You might think that with modern technology there can be no covering up of such essential truths, and that eventually people must surely reach a balanced understanding of the facts. But there’s plenty of contrary evidence in Turkey to confound the Internet utopians. I doubt that people read or click more broadly online than they do in print; in fact, the opposite seems to be true. Of course, there are more opportunities to read about things that challenge one’s views online, but there is also more scope to indulge comforting illusions. Ultimately, the Internet is probably exacerbating Turkey’s polarisation. The last few years have seen the emergence of a huge number of popular news websites of questionable origin peddling aggressively pro-government lines. Like Sabah et al, these sites have a tendency to water down or simply ignore the awkward truths and move on. Similarly blinkered opposition news sites also exist, but it is the pro-government ones that have proliferated so noticeably of late. An unhealthy number of media outlets in Turkey are trapped in echo chambers where dubious facts are taken as unquestionable truths.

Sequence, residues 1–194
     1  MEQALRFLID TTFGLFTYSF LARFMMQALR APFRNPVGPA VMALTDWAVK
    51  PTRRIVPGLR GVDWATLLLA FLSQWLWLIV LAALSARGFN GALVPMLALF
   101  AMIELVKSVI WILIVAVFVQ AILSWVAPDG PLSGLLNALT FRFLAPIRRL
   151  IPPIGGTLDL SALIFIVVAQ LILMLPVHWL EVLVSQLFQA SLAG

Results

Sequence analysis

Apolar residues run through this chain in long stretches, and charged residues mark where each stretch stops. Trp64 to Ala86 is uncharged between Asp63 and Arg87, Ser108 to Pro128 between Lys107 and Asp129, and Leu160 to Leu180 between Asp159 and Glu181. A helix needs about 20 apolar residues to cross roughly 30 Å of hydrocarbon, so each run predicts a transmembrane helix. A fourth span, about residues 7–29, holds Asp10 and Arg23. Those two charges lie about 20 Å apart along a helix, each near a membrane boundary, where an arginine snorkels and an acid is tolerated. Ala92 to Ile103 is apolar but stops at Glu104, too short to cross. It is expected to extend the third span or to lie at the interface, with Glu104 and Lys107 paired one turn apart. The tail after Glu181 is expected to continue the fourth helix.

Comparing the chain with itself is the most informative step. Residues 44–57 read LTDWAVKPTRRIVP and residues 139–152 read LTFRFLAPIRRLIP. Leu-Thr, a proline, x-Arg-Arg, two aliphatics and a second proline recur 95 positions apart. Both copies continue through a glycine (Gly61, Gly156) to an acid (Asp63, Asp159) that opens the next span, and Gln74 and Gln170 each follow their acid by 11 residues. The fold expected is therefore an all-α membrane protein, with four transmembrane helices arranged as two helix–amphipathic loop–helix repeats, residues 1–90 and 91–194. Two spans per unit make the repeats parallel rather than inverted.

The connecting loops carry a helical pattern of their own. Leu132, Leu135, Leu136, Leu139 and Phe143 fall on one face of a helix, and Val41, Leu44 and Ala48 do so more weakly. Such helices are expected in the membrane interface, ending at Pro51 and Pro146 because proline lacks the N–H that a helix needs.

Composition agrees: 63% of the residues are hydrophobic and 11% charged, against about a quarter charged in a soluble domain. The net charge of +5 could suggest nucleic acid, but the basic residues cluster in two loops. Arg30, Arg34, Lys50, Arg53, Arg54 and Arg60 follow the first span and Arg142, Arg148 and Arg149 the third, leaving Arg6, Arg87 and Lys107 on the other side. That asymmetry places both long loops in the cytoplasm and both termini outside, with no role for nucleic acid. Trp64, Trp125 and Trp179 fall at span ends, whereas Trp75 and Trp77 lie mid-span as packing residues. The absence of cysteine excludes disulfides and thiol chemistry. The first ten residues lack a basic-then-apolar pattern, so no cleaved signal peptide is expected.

But I’d also be careful not to overestimate the ability of “facts” to have much of an impact in such a polarised atmosphere. Nobody’s forcing Sabah’s readers to buy it, and if they wanted something else there are plenty of alternatives to choose from. Rather, there’s a very natural human predilection to pay most attention to the information that coheres with one’s own worldview and screen out the rest. Political confirmation bias is a reality everywhere, but it’s particularly conspicuous in Turkey: people tend to work backwards to make the evidence fit their conclusion, rather than the other way around. It all seems to indicate that the country’s dangerously polarised public debate is only likely to become even more bitter and trenchant. More bad news, basically.